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Table 3. Differentially expressed RP genes in roots of Fe-deficient plants

Co-expression analysis of the 81 differentially expressed RP genes under Fe deficiency yielded a network consisting of 68 nodes and 1,827 edges (Additional file 9). This network could be further divided into one larger and one smaller clusters, the larger of which contained much more nodes (66/68) and edges, and every node (ribosomal protein gene) was correlated with other RP genes (27 edges per node). Similarly, with the aim of identifying other Fe-responsive non-RP genes that interact with RP genes, we put the 3,296 differentially expressed genes including 81 RP genes together to do the co-expression analysis. Results showed that a total of 77 RP genes and 221 Fe-responsive non-RP genes comprise one bigger and two smaller clusters with Pearson correlation coefficient cutoff of 0.7 (Additional file 10).

Additional file 9. Co-expression relationships of 81 differentially expressed genes under Fe deficiency in Arabidopsis roots.

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Additional file 10. Gene lists of differentially expressed non-RP genes involved in co-expression networks under Fe deficiency.

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Proteomic profile analysis showed that only two RPs were differentially expressed between Fe-deficient and Fe-sufficient Arabidopsis roots [49]. The two proteins were from the RPL22 family and showed decreased abundance, although the transcriptional expression of these two genes remained unchanged (Table 4). Analysis of AS revealed three RP genes with differential alternative donor/acceptor splices sites and six RP genes with differential intron retention in roots of Fe-deficient plants (Additional file 11). None of these RP genes were transcriptionally or translationally Fe-responsive.

Table 4. Differentially expressed ribosomal proteins in roots of Fe-deficient plants

Additional file 11. DAS features under Fe deficiency.

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Comparative expression pattern of RP genes under Pi and Fe deficiency

Comparison of the differentially expressed RP genes and RPs between Pi- and Fe- deficient Arabidopsis roots showed no overlap between the two growth types, suggesting that distinct RPs are involved in the responses of plants to Pi- and Fe-deficient. Interestingly, most RP genes encoding proteins of the large subunit were affected by Pi deficiency, while the majority of differentially RP genes encoding RPs under Fe deficiency were from both the small and the large subunit (Figure 5). Furthermore, the expression pattern of RPs upon Pi deficiency was more complex than that observed under Fe-deficient conditions. Nevertheless, one of the common observations for these two treatments is that there was a large discrepancy between the RP genes and PR proteins affected by Pi deficiency (compare Tables 1 and 2) as well as under Fe deficiency conditions (compare Tables 3 and 4). Our previous studies [35,49] have found that the concordance between differences in the abundance of mRNA and its encoded protein is not always high due to several factors: Firstly, proteins with low abundance might not be reliably detected and thus did not match the criteria that define them as differentially accumulated whereas the transcript levels of the corresponding genes are significantly changed. Secondly, several proteins with high abundance accumulated differentially upon Fe/Pi deficiency, but they have important housekeeping functions and the transcript levels were not changed. Finally, a change in transcript abundance may or may not be translated into changes in protein level; posttranscriptional regulatory processes such as alternative splicing, RNA processing, and other processes may affect the efficiency of translation. A generally low congruency of proteomic and transcriptional profiles has been reported previously [51].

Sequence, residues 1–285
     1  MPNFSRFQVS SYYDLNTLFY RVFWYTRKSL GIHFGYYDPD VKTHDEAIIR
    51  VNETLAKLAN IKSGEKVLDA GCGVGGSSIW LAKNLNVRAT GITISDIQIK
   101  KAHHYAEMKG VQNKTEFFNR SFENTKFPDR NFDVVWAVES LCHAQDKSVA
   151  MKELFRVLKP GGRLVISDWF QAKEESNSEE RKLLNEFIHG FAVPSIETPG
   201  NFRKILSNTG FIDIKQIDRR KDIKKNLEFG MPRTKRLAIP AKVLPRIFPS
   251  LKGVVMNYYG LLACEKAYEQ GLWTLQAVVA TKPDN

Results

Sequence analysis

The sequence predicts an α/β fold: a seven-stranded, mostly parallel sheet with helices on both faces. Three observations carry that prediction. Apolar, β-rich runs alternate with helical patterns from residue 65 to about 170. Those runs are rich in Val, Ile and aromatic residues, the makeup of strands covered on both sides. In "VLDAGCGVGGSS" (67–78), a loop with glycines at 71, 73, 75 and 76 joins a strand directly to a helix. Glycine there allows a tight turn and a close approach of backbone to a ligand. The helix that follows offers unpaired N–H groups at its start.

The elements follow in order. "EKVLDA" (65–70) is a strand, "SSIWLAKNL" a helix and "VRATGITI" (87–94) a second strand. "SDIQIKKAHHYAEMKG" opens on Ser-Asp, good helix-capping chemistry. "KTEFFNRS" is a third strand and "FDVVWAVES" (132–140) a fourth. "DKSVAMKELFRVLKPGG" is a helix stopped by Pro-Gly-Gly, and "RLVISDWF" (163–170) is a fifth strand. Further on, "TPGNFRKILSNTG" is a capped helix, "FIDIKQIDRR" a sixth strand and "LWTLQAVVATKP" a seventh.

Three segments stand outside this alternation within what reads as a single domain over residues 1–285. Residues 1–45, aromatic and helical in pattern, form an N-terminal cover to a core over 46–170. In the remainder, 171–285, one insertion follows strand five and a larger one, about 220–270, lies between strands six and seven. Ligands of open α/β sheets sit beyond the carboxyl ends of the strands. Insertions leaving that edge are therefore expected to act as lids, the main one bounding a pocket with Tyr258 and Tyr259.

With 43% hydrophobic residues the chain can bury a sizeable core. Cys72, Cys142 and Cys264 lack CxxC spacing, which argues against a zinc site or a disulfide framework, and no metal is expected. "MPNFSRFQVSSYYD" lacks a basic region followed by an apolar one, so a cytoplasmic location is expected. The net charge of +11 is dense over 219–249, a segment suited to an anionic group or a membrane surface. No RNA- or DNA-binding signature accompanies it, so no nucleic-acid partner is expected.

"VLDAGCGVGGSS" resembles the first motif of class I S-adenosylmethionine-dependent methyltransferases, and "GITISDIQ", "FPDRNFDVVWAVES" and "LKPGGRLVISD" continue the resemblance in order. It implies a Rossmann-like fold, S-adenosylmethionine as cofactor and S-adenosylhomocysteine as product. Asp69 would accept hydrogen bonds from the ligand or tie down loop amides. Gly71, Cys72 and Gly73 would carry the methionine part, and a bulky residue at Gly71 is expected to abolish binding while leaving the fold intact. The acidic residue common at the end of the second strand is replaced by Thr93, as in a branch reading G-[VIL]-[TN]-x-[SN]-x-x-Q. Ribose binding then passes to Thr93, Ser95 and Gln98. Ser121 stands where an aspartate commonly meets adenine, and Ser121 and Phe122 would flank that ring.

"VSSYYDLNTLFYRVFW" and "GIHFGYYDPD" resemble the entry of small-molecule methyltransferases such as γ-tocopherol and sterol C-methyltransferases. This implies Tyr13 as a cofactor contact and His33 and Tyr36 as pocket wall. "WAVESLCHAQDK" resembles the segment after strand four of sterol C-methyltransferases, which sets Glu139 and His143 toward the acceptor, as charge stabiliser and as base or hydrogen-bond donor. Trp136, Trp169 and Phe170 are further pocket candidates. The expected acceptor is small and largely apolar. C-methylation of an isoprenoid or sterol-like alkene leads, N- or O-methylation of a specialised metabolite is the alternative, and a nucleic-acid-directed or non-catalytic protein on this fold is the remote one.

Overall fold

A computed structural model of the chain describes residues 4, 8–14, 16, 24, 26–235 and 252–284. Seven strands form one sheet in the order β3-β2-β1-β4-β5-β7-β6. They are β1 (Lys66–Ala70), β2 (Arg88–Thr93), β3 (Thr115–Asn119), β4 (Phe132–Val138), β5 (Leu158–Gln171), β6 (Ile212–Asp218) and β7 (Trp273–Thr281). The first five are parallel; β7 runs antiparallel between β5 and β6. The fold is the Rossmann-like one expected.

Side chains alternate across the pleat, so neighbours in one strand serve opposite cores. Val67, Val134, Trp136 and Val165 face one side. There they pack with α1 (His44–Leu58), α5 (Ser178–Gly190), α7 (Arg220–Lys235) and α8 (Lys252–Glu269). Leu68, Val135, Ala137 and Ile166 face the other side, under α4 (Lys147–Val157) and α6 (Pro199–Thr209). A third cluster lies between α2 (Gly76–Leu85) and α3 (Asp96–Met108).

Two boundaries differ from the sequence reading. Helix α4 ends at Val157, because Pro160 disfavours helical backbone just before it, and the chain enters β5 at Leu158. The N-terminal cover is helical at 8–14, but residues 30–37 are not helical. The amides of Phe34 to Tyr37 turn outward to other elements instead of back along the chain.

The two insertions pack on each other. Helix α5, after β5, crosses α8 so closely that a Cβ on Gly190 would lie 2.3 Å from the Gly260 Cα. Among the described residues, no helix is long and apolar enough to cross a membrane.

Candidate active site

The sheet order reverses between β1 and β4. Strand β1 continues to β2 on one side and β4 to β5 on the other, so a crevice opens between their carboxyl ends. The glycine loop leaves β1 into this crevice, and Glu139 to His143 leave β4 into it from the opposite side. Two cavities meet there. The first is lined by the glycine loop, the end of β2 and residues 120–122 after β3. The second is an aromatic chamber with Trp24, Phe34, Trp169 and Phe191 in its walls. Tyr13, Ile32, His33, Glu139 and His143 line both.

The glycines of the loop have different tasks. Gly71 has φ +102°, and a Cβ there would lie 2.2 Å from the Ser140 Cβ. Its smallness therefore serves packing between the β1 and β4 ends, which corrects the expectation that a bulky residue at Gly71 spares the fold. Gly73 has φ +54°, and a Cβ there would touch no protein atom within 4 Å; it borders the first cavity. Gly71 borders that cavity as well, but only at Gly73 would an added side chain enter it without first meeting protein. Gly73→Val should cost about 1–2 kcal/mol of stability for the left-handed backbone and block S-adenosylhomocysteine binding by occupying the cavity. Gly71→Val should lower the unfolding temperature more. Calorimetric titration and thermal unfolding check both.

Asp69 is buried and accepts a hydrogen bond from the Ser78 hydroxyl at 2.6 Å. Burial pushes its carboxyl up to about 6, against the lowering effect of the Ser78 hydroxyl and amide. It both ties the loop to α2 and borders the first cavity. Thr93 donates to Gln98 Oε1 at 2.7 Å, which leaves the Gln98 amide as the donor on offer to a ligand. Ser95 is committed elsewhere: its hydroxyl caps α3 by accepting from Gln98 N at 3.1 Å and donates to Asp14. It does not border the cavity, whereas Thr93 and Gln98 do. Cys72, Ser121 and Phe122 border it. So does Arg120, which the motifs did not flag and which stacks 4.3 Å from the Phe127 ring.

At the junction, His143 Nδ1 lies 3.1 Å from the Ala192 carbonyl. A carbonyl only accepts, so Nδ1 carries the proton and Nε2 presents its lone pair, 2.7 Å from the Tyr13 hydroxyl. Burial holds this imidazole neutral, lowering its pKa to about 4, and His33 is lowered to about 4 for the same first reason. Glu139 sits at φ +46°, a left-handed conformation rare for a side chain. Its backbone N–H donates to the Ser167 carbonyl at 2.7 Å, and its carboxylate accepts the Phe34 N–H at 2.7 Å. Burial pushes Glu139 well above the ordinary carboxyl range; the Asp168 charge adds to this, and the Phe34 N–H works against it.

thumbnailFigure 5. Phosphate and Fe deficiency-induced mRNA and protein changes and predicted changes in ribosomal composition. (A) Pi deficiency, (B) Fe deficiency. Purple shapes represent ribosomal protein families that were up-regulated at the RNA level and down-regulated at the protein level. Red shapes represent ribosomal protein families that were up-regulated at the RNA level and that were not detected at the protein level. Pink shapes represent ribosomal protein families not detected at the RNA level and up-regulated at the protein level. Green shapes represent ribosomal protein families down-regulated at the RNA level and not detected at the protein level. Blue shapes represent ribosomal protein families not detected at the RNA level and down-regulated at the protein level. Yellow shapes represent ribosomal protein families not detected at both RNA and protein level.